This place is basically just a hole in the wall with a walk up line (which is always full). They make the fries as the customers order. Zed and I ordered some with Belgian mayo (not sure how that’s different than “the classic mayo,” but it was delicious) and Andalouse sauce, which was more tomato-y. I saw it described somewhere as “kind of like thousand island.” A few days later I went back by myself and got the yellow curry sauce, as seen in the photo up top. It reminded me of the chicken curry ‘n fries I used to get at St. Stephen’s Green in Mountain View.

Fries for lunch today. I was oddly drawn to yet repulsed by the idea of Hannibal sauce.

A photo posted by sarah (@braisinhussy) on

Their menu doesn’t really go into what makes each sauce, unfortunately. What is Hannibal sauce? WHAT IS IT.

Complaining about the Nice Weather in Amsterdam

The weather this trip (so far) has been astonishingly nice. #Amsterdam #rijksmuseum #museumplein

A photo posted by sarah (@braisinhussy) on

I was in Amsterdam for two weeks. It was gorgeous. I went in expecting the weather to be like my 2015 trip (which had taken place earlier in September than this trip). During that trip, there were about two days of nice weather, and then it turned into dreary dreariness. It was cold. I didn’t have enough rain-appropriate clothing. I had to take my umbrella and windbreaker everywhere. I always felt damp.

This time? I was READY. I bought a new rain jacket. I had layers. I had scarves. I had puddle-appropriate shoes. And then… it sort of drizzled twice. And when it did, I was like, “Well, this is it for summer. It’s been nice, but now it’s turning to crap.” But no. It persisted in being the nicest weather I could possibly imagine. If I’d known, I could have packed a hell of a lot lighter.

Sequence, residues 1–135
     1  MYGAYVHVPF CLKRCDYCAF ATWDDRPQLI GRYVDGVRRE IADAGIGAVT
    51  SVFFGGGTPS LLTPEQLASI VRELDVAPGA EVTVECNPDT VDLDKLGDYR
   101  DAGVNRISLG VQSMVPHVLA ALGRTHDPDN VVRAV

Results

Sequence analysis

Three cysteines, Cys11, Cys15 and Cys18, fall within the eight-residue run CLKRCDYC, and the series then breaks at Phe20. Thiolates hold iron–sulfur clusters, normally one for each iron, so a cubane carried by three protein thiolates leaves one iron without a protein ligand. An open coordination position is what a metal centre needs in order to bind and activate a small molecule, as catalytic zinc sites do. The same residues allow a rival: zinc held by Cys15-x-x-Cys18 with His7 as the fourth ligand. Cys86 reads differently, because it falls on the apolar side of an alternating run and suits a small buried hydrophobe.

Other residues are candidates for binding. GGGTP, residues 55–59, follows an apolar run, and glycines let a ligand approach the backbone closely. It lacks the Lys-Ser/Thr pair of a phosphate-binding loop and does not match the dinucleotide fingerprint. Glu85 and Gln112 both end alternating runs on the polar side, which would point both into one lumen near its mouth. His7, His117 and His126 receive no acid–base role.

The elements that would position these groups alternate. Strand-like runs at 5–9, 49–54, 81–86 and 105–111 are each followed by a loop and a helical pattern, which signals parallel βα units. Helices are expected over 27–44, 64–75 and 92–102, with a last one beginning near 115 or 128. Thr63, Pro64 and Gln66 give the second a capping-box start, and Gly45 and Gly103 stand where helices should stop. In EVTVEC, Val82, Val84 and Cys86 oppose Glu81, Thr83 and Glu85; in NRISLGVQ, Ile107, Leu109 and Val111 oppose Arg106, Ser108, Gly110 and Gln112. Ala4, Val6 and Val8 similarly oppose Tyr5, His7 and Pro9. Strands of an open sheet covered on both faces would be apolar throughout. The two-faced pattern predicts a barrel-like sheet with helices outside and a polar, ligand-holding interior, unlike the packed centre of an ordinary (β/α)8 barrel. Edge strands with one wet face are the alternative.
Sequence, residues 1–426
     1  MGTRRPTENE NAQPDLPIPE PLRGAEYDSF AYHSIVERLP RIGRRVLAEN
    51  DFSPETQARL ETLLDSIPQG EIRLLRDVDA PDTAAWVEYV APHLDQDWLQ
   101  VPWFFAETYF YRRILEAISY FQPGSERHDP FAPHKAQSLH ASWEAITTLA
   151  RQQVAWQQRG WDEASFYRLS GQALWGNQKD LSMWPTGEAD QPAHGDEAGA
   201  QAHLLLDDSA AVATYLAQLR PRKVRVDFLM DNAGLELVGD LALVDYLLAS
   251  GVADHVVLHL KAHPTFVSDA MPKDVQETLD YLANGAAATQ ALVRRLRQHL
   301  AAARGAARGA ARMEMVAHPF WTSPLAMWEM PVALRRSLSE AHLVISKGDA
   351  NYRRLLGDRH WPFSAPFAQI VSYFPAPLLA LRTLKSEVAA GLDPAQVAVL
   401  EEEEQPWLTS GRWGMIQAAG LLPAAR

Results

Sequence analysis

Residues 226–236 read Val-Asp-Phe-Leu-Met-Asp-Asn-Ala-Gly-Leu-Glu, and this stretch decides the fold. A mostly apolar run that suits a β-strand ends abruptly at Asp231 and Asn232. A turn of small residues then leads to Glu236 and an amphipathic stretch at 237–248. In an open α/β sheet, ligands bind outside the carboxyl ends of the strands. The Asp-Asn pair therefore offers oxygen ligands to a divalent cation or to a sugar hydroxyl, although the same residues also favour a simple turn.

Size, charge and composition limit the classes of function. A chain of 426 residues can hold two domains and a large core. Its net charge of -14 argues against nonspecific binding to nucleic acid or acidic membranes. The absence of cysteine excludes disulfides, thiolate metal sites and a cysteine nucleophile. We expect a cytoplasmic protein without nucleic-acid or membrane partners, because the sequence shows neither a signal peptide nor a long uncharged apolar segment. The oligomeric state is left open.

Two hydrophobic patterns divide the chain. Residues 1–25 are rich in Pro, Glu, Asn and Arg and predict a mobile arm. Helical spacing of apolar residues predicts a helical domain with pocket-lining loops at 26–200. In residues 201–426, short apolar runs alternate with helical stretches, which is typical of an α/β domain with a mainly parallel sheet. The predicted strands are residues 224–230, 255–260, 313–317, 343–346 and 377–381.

That jacket’s hella cute too. I’m kind of annoyed that I didn’t get to wear it. Now I have to wait until California gets wet and wintery.

Netherlandish Proverbs in Action

What are you doing you massive weirdo

A photo posted by sarah (@braisinhussy) on

This bizarre little carving adorns the choir screen at the Church of Saint Bavo in Haarlem (not to be confused with Saint Bavo Cathedral, also in Haarlem). I thought it was just an artist’s whimsy. Nope! There’s more meaning than that.

After the church, we went to the Frans Hals Museum. One of the non-Frans Hals (and non-pickled-herring-related) things we saw there was this painting by Pieter Brueghel the Younger. It was a copy of his father’s work, Netherlandish Proverbs.

28019-Pieter Brueghel-Spreekwoorden


There are about a billion different adages illustrated in the painting (check the Wikipedia page). The bit we’re interested is down in the lower left. Comparing it to the toothy fellow up top chewing on the church, we can see that he is a “pillar biter,” or religious hypocrite. Probably not a concept you’d see showcased in a Catholic church at the time, but certainly in a Protestant one.

Looking at that list, I’m pretty amused by “the herring does not fry here,” meaning “this is not going according to plan.” And “He who eats fire, craps sparks” is so much more evocative than simply “playing with fire.” Which is your favorite?

Pickled Herring

By Judith Leyster -, Public Domain,
By Judith Leyster –, Public Domain,

During my trip to Amsterdam, Zed and I visited the Frans Hals Museum in the nearby town of Haarlem. (Haarlem, by the way, super cute place.) This painting is not by Hals, but was originally attributed to him. It’s by Judith Leyster, a contemporary. The audio tour had this kind of adorable drinking song playing in the background for this painting.

It’s about how pickled herring is so good and salty and makes you drink a lot. So a few days later we had to get some.

The Dutchiest of lunches: pickled herring.

A photo posted by sarah (@braisinhussy) on

It was pretty damn good.

Trapani Salt

[image: dish of trapani salt]
[image: dish of trapani salt]

I made something new tonight, but it didn’t really turn out the way I’d hoped, so hey! Let’s talk about salt.

My parents and I took a trip to Italy back in April/May. We visited the southern part of the country as well as Sicily. While in Sicily, we spent a night in Trapani. Trapani has a salt museum. We had to go there.

[image: windmill atop the salt museum in trapani]
[image: windmill atop the salt museum in trapani]